It is not uncommon to read articles heralding the growing presence of Islam, Buddhism, or even Hinduism in American colleges and universities. Religious adherents everywhere are stumping successfully for their right to meet, worship, and, in some cases, to proselytize, openly on secular campuses. Moreover, they want university-sponsored resources in order to do this. It is a wonderful time in higher education these days to be either religious or spiritual.

But it’s not a good time to be an atheist in a theophile’s (God-lover’s) society. I have located only one article, for example, in the last several years dealing with the presence of atheism among college students in the two publications I mentioned above. I have not found a single article on atheism published in any of the leading journals in higher education or in student affairs administration over the last decade (e.g., The Journal of College Student Development and the NASPA Journal). And I have seen only one such piece in the popular bi-monthly periodical for academicians, Lingua Franca, a journal which, unfortunately, terminated publication in the year 2001.

Atheophobia Is Alive and Well on College Campuses

Let me say immediately that I consider the turn to religious pluralism to be far more positive than negative in its overall effect on higher education. I, myself, have been among the strongest proponents of more open and unbounded religious dialogue on college campuses, both in and out of the classroom. I encourage this type of pluralism everywhere—in my courses, publications, and in my speaking engagements throughout the country. Having said this, however, I now need to state that, in my opinion, it’s equally important for college students to be able to openly declare their non-belief in cross-campus, pluralistic dialogue, and this includes being encouraged to have a presence in religious studies courses.

Before I go any further, let me acknowledge where I stand personally on the topic of religion: I carry no special brief for, or against, atheism in writing this essay. I have met some atheistic students in my seminars whom I personally like and some I don’t. This is true for my theistic and agnostic students as well. If I had to characterize my own philosophical perspective on religion, it would lie somewhere between an existential agnosticism and a postmodern skepticism, depending on the events of the week and my mood.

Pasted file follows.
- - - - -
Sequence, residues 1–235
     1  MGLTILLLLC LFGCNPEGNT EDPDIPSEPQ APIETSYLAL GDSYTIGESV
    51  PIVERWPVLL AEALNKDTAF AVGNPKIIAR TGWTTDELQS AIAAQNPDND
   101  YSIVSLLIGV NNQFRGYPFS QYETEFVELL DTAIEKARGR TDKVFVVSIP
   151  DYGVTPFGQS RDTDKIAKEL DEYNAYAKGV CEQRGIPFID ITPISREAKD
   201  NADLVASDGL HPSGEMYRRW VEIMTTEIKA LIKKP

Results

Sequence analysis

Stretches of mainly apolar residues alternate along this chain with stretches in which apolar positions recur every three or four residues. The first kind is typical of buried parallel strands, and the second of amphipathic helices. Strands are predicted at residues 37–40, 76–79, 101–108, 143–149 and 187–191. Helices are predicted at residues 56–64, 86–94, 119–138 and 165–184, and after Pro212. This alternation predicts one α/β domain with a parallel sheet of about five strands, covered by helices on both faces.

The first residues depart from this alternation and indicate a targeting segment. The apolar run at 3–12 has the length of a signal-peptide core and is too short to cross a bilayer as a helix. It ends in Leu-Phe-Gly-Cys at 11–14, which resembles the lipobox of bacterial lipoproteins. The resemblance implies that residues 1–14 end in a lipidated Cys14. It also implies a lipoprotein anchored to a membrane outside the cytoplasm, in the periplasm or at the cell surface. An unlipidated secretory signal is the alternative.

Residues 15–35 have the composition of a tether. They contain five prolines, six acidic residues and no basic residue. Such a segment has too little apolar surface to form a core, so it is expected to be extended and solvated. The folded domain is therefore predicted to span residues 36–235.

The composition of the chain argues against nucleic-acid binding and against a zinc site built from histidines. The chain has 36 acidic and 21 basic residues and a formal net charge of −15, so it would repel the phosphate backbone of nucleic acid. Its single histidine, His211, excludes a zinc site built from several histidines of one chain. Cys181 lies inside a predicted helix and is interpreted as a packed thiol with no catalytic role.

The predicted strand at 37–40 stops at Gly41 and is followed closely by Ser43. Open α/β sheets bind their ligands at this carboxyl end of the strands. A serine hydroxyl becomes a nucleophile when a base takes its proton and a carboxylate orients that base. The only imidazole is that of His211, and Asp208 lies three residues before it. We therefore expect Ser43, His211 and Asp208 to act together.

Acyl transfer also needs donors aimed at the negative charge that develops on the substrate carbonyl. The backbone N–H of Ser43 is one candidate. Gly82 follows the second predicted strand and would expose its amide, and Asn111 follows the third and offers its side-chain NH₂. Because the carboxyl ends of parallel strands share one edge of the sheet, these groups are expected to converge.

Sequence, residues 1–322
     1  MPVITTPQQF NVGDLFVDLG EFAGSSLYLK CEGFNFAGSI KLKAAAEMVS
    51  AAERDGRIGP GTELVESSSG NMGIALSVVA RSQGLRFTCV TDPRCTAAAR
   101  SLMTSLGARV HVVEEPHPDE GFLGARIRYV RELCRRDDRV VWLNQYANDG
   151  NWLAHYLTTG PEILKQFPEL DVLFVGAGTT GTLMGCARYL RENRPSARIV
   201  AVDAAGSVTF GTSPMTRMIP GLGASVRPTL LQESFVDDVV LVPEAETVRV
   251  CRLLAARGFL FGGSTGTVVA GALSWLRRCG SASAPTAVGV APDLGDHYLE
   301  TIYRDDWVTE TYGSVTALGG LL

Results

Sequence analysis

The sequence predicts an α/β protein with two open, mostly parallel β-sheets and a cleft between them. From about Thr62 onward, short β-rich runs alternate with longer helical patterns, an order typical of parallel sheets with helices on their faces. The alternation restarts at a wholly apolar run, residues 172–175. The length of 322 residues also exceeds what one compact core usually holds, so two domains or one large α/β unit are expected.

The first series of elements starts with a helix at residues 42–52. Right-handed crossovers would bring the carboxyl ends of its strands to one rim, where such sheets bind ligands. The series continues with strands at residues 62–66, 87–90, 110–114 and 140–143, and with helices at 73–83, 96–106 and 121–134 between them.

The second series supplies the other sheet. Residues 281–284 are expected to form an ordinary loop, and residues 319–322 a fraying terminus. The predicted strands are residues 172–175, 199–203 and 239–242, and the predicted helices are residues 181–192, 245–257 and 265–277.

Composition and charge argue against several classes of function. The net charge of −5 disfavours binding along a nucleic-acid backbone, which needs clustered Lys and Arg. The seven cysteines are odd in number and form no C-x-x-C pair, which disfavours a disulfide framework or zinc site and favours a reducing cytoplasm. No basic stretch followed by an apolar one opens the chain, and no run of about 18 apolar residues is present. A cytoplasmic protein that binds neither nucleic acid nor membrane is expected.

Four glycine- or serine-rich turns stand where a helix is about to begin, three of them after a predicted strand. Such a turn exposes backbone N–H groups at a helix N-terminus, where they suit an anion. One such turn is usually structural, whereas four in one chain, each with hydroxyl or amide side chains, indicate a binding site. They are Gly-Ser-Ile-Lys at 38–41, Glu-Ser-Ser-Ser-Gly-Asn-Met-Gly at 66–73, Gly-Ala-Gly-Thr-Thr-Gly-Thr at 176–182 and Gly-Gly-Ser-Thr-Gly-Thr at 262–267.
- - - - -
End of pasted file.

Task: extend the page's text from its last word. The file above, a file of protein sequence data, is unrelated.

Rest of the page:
Although I have no strong feelings of advocacy one way or the other about atheism per se, I do have strong feelings whenever I think any belief system is unfairly stereotyped, ridiculed, misunderstood, or dismissed outright as ignorant or evil. This, of course, includes various kinds of fundamentalist religions. But I’ve seen too many atheistic students in my courses, and on my campus, who feel stigmatized for their lack of belief in a God or Gods. They resent being treated as a sinful or depraved "other." Many "out" atheists think of themselves as the one last group on college campuses, and in local towns, that it is still fashionable to hate.

Here, then, is my modest proposal: it is time for those of us who are faculty and administrators in higher education to invite atheists to join us at the pluralistic table throughout the campus; moreover, we need to do this with compassion and enthusiasm, out of respect for their right to express their beliefs and to voice their concerns. I consider this a modest proposal because in the best of university worlds, it wouldn’t have to be made at all. It ought to be self-evident that, in a university, all voices, no matter how controversial and against the mainstream they might be, have a right to be heard and responded to. But I am also a realist. I know that welcoming atheists to join us at the table rarely happens, even in my safe seminar rooms. It’s almost as if some believers perceive an open avowal of atheism in the classroom to be nothing more than another manifestation of anti-religious prejudice or, in some cases, even a form of hate speech.